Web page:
This move could pave the way for the release of one or more of the three journalists working for Al Jazeera who have been in prison for nearly a year.
Peter Greste, one of the journalists, is a citizen of Australia. Mohamed Fahmy is another who has both Canadian and Egyptian citizenship. The third, Baher Mohamed is a citizen of Egypt.
All three were found guilty this past June of conspiring with members of Muslim Brotherhood to air false news. The three were sentenced to between 7 and 10 years following a trial that advocates for human rights called a farce.
The case drew condemnation from the international community and has been an embarrassment to the government of Egypt.
It has focused attention on the plight of hundreds of others swept up by authorities as a wide spread crackdown on opponents took place shortly after the military ousted the former president in July of last year.
El-Sissi had said repeatedly he would have preferred that the three had been deported instead of standing trial, which led to speculation that the Wednesday decree was intended for the same purpose.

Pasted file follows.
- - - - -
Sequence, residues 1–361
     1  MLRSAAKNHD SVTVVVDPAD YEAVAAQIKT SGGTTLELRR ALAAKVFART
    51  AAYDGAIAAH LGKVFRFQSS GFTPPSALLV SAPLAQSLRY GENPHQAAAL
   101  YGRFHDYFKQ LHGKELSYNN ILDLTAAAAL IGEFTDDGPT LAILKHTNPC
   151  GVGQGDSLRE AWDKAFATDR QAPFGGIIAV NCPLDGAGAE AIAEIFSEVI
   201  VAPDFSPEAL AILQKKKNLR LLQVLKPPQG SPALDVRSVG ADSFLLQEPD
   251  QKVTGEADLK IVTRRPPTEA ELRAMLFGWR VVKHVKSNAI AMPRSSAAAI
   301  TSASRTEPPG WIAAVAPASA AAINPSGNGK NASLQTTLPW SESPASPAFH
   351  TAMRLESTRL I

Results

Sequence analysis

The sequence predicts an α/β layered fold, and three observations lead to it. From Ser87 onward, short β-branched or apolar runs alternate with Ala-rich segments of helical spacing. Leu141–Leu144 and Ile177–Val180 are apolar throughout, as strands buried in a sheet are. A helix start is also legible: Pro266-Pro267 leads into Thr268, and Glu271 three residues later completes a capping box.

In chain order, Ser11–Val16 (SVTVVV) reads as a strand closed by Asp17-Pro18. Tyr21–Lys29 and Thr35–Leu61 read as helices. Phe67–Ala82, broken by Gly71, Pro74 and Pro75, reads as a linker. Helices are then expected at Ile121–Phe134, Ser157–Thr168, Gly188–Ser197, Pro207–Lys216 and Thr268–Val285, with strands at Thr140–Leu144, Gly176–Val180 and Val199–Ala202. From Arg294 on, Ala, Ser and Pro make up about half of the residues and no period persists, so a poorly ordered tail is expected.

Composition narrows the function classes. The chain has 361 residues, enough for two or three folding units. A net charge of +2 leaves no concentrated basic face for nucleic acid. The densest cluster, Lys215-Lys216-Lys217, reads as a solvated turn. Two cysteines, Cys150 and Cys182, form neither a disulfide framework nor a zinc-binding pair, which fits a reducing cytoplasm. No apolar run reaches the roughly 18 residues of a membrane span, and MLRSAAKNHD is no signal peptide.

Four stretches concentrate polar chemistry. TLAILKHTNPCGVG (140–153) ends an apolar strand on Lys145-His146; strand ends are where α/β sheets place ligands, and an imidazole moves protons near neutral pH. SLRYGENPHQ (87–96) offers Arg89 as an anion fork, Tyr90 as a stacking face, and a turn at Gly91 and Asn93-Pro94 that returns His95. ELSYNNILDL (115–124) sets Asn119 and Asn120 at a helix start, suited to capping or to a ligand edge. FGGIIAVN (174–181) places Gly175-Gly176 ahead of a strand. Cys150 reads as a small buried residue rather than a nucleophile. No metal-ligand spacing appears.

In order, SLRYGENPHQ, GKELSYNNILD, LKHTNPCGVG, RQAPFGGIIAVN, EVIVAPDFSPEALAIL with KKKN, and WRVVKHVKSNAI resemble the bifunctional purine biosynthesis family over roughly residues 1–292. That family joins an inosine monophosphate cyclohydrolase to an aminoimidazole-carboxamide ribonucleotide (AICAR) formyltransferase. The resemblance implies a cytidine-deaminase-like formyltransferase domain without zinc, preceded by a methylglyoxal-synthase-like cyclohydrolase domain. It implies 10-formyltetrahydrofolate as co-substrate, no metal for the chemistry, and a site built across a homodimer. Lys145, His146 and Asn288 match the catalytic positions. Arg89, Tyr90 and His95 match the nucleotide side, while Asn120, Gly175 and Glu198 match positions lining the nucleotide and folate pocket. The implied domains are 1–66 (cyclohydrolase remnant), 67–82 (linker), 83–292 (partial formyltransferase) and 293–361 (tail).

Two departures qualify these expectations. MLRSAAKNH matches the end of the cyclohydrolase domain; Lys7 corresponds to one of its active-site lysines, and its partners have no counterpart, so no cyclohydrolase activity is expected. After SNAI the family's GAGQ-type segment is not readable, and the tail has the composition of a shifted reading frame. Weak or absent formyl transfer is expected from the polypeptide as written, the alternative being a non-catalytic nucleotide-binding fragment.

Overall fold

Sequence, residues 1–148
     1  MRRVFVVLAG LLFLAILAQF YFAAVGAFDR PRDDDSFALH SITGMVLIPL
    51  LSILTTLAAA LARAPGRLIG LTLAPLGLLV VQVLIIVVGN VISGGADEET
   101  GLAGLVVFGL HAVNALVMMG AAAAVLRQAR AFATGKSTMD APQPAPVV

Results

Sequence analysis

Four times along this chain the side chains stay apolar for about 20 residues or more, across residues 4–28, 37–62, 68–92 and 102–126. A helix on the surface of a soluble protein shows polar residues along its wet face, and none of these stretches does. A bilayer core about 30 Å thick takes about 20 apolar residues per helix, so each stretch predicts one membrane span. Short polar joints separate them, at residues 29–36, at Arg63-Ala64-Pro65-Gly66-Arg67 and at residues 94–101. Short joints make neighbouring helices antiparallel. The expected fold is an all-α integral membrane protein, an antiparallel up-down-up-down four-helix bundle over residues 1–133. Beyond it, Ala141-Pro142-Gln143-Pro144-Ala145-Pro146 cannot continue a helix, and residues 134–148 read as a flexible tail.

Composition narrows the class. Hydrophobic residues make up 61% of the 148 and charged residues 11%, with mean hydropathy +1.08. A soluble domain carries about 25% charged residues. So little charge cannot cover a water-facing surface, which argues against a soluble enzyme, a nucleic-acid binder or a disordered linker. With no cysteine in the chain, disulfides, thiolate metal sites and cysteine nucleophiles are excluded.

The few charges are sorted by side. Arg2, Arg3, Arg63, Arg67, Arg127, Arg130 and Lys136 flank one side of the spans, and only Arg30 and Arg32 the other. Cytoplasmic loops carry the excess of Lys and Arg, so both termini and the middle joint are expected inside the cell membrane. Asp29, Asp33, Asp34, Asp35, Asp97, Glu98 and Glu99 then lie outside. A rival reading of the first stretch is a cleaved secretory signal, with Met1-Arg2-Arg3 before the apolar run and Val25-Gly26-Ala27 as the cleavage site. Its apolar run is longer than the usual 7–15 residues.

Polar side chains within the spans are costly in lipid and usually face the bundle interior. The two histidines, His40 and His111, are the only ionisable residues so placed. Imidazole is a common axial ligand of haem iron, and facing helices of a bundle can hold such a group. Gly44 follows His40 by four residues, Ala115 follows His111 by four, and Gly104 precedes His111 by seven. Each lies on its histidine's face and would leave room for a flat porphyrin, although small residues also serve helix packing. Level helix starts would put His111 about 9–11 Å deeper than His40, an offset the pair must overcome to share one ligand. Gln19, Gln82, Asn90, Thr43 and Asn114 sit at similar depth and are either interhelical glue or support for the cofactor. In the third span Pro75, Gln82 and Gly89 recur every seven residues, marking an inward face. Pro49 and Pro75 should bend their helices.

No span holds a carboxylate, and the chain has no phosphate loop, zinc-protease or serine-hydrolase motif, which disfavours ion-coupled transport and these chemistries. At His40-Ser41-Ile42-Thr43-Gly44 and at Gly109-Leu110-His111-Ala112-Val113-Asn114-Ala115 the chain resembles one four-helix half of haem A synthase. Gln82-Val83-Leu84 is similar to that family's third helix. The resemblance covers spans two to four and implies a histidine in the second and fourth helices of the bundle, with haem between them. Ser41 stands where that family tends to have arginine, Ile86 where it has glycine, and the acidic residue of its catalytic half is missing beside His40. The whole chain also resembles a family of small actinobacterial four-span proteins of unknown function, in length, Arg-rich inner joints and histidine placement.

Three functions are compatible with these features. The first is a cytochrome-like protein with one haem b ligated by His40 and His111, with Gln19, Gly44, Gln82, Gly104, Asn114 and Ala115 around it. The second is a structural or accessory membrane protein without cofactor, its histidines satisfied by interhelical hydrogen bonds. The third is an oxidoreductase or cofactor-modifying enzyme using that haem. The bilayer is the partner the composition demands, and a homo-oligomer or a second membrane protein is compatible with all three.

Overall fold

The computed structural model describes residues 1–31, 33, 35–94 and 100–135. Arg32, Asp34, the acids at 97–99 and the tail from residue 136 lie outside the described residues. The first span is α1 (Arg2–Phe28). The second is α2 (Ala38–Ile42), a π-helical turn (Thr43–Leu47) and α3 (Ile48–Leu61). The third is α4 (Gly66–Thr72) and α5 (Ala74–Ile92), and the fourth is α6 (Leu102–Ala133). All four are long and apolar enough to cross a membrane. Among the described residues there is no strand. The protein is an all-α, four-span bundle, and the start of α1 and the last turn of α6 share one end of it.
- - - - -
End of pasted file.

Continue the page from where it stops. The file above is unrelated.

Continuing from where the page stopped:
The new measure, one of many El-Sissi has issued while there is no Parliament, appeared to show that any release would come after the final disposition of the case, including exhausting all appeals.
A spokesperson for el-Sissi was not available for comment following the announcement.
The new law required that the cabinet give approval of transfers overseas of people who are convicted, but text in the decree, carried in newspapers, did not mention whether dual citizens such as one of the journalists were eligible to be released.
The family of Fahmy said he was not interested in being deported. He is innocent they said and is loyal to Egypt, said Marwa Omara his fiancée.
In another separate case, it was unknown if the new law would end Mohamed Soltan’s trial. He is a dual Egyptian-American citizen. He is currently on trial and on a hunger strike.